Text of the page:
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Outdoor pine sap/extractive bleeding

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Forum topic by Broooklyn posted 08-09-2020 11:31 PM 255 views 0 times favorited 9 replies Add to Favorites Watch
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Broooklyn

54 posts in 3895 days


08-09-2020 11:31 PM

Finished some outdoor chairs a week ago (out of “select pine board”). I put 2 coats of gray exterior paint on them. They are in a pretty sunny spot and sap is coming out of the end grain and brown/yellow streaks are showing through the faces. Can anything be done?

-- Matt - Brooklyn, NY


9 replies so far

View Aj2's profile

Aj2

3323 posts in 2645 days


#1 posted 08-10-2020 12:21 AM

It should stop weeping sap in about 40 years. :)
You just found out why conifers like pine and Douglas fir should be kiln dried to set the pitch.
The wood thinks it’s still alive and is trying to protect itself from the heat that why the sap flows.
Kiln does exactly what it sounds like kills it.
Good Luck that a neat looking space you have there.

-- Aj

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ibewjon

1934 posts in 3641 days


#2 posted 08-10-2020 01:10 AM

Try a layer or 2 of Kilz white pigmented shellac. It claims to seal knots and sap. Be sure it is the alcohol thinned shellac type. There are other s that are not shellac.

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Broooklyn

54 posts in 3895 days


#3 posted 08-10-2020 01:11 AM

Thanks Aj – Well, I can handle it on the end grain but it’s sort of a buzz kill to have sap on the parts where you sit!

-- Matt - Brooklyn, NY

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Broooklyn

54 posts in 3895 days


#4 posted 08-10-2020 01:16 AM



Try a layer or 2 of Kilz white pigmented shellac. It claims to seal knots and sap. Be sure it is the alcohol thinned shellac type. There are other s that are not shellac.

- ibewjon

I’m guessing I’d need to replace the wood or sand off the existing paint?

-- Matt - Brooklyn, NY

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Aj2

3323 posts in 2645 days


#5 posted 08-10-2020 01:23 AM

My experience is nothing will stop it. Except winter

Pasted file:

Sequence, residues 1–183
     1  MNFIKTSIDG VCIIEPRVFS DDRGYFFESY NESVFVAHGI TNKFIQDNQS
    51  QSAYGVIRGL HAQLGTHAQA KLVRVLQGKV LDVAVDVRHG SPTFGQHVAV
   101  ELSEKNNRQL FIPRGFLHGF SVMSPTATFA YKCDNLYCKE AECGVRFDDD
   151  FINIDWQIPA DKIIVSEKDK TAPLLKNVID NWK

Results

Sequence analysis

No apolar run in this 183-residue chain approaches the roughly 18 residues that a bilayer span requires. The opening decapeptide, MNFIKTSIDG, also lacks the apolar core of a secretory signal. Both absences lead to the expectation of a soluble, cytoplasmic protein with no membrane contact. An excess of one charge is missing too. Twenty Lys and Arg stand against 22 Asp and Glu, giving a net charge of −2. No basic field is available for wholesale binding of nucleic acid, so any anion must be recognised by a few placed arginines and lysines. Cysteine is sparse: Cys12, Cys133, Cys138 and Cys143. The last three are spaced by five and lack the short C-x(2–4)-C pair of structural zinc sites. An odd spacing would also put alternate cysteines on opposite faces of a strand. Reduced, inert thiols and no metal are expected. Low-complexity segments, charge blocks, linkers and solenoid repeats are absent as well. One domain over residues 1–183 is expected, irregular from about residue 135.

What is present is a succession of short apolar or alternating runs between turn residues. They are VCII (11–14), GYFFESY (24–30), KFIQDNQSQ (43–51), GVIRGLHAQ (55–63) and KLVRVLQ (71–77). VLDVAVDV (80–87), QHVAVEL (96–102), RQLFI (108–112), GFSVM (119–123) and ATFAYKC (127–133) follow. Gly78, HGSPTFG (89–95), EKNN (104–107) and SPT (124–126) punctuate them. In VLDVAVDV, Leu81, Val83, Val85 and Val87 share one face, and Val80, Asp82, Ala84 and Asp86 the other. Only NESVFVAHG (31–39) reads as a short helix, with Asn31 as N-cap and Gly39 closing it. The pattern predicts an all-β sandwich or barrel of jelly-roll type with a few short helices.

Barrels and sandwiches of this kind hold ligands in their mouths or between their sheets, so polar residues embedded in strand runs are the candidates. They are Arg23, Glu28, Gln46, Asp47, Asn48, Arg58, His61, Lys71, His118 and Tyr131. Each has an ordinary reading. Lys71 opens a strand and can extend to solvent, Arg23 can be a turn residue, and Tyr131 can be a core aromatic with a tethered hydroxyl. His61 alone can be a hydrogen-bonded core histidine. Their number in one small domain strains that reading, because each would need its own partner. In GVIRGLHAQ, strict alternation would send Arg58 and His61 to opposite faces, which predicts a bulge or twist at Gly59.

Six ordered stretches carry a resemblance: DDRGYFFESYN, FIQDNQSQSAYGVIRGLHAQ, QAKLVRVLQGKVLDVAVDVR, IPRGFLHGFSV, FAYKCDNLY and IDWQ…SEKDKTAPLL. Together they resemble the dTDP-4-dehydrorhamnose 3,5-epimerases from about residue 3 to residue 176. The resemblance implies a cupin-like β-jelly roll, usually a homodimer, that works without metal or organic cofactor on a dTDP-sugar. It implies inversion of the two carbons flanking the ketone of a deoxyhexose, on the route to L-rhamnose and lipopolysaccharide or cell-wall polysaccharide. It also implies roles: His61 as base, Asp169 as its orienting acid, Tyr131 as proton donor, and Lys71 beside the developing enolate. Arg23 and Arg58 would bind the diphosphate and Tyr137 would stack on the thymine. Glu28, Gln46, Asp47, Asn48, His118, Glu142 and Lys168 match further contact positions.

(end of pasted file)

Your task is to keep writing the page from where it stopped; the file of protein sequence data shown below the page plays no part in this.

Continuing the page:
-- Aj

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ibewjon

1934 posts in 3641 days


#6 posted 08-10-2020 01:55 AM

Scrape off the thickest part, lightly sand the paint around it, and paint it. Nothing to lose. You can also call Rust Oleum customer service, maker of Zinsser, and ask about it. This is a good reason to use white cedar or cypress. Next time. You will need to put outdoor paint over the shellac.

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ibewjon

1934 posts in 3641 days


#7 posted 08-10-2020 01:55 AM

Scrape off the thickest part, lightly sand the paint around it, and paint it. Nothing to lose. You can also call Rust Oleum customer service, maker of Zinsser, and ask about it. This is a good reason to use white cedar or cypress. Next time.

View Planeman40's profile

Planeman40

1516 posts in 3608 days


#8 posted 08-10-2020 08:37 AM

Ditto on the Kilz white pigmented shellac. Should work. I have used it. The Kilz should seal it but won’t stand up to outdoor use. Paint over with some outdoor rated varnish or paint.

-- Always remember: It is a mathematical certainty that half the people in this country are below average in intelligence!

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Axis39

336 posts in 445 days


#9 posted 08-10-2020 01:21 PM

You might try Pinesol to get the sap off before scraping. I’ve also found the orange oil hand sanitizer my wife bought has been fabulous at removing sap from my hands.

Scraping will get rid of the sap, but if it’s still too gooey, it can get messy quick. I hate the idea of scraping and knowing I’ll be goofing up the finish that I’ll have to fix later… So, the idea of using a product I can wipe on and off with a rag, hopefully minimizing the damage to the finish, just appeals a little more to me.

The Zinser BIN primer can go right over other paint…

-- John F. SoCal transplant, chewer uppper of good wood

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